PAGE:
Five Things You May Not Know About Financial Aid
By Scholarship America
By Annie Berge for Scholarship America
Navigating financial aid can be confusing and overwhelming for students and their families, especially for those who are new to the process. Here are a few things you might not know about financial aid that could help you navigate the process more effectively.
- Financial aid can come from many sources. Your institution may offer you scholarships, grants, loans and/or work study. This aid is often determined by information on your Free Application for Federal Student Aid (FAFSA). You can also apply for outside scholarships awarded by community and professional organizations, private foundations, federal and state agencies, or national search engines. Click here to check out scholarships offered through Scholarship America.
- Financial aid is not set in stone. Your financial aid award can change from year to year based on changes to your financial situation, academic performance, enrollment status, or living situation. It’s important to reapply for FAFSA every year and to understand whether your outside scholarships are renewable or not. It’s a good idea to get your FAFSA in as early as possible.
- Not all colleges treat outside scholarships the same. Sometimes if you receive more aid than your demonstrated financial need, you may be required to return some aid. This is called aid displacement. In most cases, if you receive outside scholarships, your loans and work study will be replaced first. To minimize the possibility of aid displacement, apply for FAFSA early and be in touch with your financial aid office to understand how your scholarships will be applied to your overall aid package.
- You can appeal your financial aid decision. If you are unsatisfied with your financial aid award or believe there has been a mistake calculating your aid, you may have the option to appeal the decision. Gather documentation, such as proof of changes in your financial situation, loss of income, or increase in expenses. Get in touch with your financial aid office to learn more about the appeal process. Appeals aren’t always successful, but patience and persistence can often pay off.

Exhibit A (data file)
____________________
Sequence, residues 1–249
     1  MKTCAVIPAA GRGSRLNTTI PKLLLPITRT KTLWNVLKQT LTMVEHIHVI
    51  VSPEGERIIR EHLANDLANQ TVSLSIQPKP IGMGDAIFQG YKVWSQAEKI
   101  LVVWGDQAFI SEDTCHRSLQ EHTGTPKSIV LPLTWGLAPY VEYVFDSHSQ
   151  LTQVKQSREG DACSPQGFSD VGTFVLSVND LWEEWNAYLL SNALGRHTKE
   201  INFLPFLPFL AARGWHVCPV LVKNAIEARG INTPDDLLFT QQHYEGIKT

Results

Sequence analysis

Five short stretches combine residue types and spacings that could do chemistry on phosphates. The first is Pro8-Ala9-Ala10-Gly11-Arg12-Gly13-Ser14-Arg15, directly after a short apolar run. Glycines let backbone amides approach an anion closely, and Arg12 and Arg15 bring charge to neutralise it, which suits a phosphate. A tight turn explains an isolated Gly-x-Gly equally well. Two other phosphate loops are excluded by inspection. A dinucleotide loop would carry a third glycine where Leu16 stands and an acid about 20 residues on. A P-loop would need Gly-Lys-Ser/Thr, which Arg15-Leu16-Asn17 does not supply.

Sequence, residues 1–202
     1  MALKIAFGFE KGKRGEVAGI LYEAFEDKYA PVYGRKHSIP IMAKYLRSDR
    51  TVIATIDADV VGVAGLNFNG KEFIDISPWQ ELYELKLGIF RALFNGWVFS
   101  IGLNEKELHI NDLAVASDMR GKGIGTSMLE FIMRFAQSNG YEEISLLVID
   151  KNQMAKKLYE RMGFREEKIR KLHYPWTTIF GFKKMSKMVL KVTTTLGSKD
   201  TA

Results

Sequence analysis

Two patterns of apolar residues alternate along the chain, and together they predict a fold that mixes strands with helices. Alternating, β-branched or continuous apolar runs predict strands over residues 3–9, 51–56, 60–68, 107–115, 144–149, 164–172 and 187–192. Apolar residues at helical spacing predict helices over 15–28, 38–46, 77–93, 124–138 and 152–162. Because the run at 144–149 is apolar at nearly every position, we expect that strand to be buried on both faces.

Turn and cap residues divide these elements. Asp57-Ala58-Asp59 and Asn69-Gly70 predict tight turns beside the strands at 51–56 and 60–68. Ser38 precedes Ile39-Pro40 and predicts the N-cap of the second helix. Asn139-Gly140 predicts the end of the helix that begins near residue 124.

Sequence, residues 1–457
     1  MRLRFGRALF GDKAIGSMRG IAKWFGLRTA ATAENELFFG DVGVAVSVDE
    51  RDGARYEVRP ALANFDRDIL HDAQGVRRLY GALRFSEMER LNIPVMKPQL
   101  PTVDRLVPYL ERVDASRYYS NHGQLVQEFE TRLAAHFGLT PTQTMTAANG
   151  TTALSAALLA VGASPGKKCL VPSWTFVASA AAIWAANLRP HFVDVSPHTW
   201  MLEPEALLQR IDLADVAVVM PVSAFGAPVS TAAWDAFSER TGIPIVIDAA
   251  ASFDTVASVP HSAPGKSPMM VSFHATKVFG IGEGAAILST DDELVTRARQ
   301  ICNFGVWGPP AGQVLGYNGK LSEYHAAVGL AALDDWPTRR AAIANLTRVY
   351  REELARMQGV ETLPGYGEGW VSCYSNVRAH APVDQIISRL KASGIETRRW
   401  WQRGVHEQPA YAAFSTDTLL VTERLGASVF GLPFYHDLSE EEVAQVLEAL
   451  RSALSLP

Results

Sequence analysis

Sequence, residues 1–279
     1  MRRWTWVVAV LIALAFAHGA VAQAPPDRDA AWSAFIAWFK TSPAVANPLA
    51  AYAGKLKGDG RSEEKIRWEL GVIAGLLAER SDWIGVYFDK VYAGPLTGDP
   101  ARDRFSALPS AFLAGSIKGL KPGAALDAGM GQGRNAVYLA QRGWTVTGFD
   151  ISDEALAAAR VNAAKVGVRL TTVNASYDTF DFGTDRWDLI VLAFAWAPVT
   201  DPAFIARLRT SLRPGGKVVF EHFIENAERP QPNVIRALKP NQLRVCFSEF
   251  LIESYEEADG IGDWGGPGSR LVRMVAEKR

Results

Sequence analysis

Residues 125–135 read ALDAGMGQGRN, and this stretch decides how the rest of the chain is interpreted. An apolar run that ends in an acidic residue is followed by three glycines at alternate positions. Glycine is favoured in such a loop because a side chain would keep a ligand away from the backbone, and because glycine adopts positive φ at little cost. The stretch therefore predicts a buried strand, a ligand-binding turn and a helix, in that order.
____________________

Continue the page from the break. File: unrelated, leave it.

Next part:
- Financial aid is not usually subject to taxes. Scholarships that are used to pay tuition, fees, and required course materials are generally tax-free. This means you don’t need to report these scholarships on your tax return. Scholarships that are used to pay for room & board and other expenses may be subject to taxes. Students should consult with a tax professional or the IRS if they have questions about how scholarships will impact their taxes. A tax professional can help students understand their tax obligations and ensure they are complying with all relevant tax laws.
Of course, every financial aid situation is unique, and yours might have complexities we haven’t addressed here—and that’s okay! Your college’s financial aid office is here to help. Never hesitate to call, email, chat or text to set up a meeting, walk through your questions or simply introduce yourself. It may seem intimidating at first, but connecting with your financial aid professionals will help you make the most of your dollars.
About the Author
Annie Berge (she/her) has coached and advised college students for over a decade, focusing on helping them leverage financial aid and scholarships. Working both within and outside the institution of higher education, Annie is passionate about helping students get the most out of their time in college.